Most of the managerial positions of Karnali Province have remained vacant since the formation of the provincial government.
“There should be level nine and level ten civil servants (of under secretary level) as division chiefs in the ministries while level eleven ones should be appointed as directors of the provincial directorates. But these offices have been operating with officials in acting positions since the formation of the provincial government,” said KC. “This has hindered the implementation of policies and programmes, and development plans in the province,”
In total there are 22 divisions and seven directorates in six different ministries of the Karnali government. Bishnu Prasad Adhikari, the spokesperson at the Social Development Ministry, said, “Junior officers have been given the responsibility of acting office chiefs and acting directors in almost all divisions and directorates in the absence of high-level government officials in the province.”
Chitra Bahadur Rokaya, a level nine official, is currently the acting director at the Agriculture Development Directorate. The position is of level eleven official.
“In the absence of a senior officer, our office is facing difficulties to meet its targets. I have to monitor fieldwork as well as administrative tasks,” Rokaya said.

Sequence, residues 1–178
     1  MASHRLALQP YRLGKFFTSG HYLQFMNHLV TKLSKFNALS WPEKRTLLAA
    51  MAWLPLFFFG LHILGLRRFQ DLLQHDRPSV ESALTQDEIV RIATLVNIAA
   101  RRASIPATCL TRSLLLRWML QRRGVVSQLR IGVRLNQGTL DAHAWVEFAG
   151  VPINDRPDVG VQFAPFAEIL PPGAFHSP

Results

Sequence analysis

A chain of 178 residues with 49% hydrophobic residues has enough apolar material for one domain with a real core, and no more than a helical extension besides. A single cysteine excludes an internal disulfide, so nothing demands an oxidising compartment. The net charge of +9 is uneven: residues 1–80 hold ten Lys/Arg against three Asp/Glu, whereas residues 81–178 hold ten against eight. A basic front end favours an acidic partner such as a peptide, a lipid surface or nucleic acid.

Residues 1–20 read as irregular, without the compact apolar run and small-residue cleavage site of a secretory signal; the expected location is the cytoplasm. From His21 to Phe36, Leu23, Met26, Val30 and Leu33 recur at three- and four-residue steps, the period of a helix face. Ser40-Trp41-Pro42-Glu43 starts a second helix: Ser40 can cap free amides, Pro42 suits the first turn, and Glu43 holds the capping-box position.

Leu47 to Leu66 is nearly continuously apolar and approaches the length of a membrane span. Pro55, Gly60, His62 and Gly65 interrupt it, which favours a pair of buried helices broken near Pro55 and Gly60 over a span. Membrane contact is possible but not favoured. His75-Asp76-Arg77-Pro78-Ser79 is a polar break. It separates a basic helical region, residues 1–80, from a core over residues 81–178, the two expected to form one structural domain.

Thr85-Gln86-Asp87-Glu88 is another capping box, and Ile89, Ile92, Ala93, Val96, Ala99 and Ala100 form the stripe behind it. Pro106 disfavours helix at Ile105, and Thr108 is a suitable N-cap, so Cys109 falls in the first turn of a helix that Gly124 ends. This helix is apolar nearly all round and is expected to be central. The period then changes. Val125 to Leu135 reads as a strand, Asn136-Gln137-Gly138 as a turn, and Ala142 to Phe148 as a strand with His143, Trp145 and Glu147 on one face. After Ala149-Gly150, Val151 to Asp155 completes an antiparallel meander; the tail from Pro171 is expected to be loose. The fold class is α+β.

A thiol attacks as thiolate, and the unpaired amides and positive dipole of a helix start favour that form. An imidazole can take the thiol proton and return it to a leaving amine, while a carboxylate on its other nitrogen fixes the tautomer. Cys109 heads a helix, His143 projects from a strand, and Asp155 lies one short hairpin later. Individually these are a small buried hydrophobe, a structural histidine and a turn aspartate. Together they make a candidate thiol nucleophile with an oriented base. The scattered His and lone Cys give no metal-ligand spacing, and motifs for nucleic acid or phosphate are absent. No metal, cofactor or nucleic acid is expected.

The Infrastructure Development Directorate, the only directorate under the Physical Infrastructure Development Ministry, is also being run by an acting office director. Basudev Paudel, a level ten civil servant, is the acting office chief now although only a level eleven government official is qualified to take that position.
“One of the three divisions under the Infrastructure Development Ministry does not even have an acting office chief,” Gopal Sharma, the ministry's spokesperson, said.
Similarly, two directorates under the Ministry of Industry, Tourism, Forest and Environment are being run by acting directors. Shivaram Adhikari, a level nine civil servant, has been leading the Forest and Environment Directorate though the office should be led by a level eleven official. A junior officer, Mukundanath Yogi, is the acting director at Industry and Consumers Rights Protection Directorate.
According to the Office of Chief Minister, 998 of the total 2,555 posts in Karnali Province are vacant now.
Minister KC, the Karnali government's spokesperson, said it was hard to execute work in the province since the federal government does not send human resources to fill critical positions in the government offices.
“The provincial government does not have the authority to appoint employees yet and is reliant on the centre to fulfil its human resource needs in the provincial government offices,” KC said.
The provincial government will have the authority once its Public Service Commission Act is implemented but that again is on hold as the federal parliament is yet to pass the Federal Civil Servant Act.
The provincial government had presented a total budget of Rs 34.34 billion in the last fiscal year 2019/20. However, only 35.37 percent of the budget was spent.
According to Man Bahadur Bam, chief at the Provincial Financial Comptroller Office, the development expenditure was merely 24.66 percent in the last fiscal year. The current fiscal year’s budget implementation has not even initiated, he added.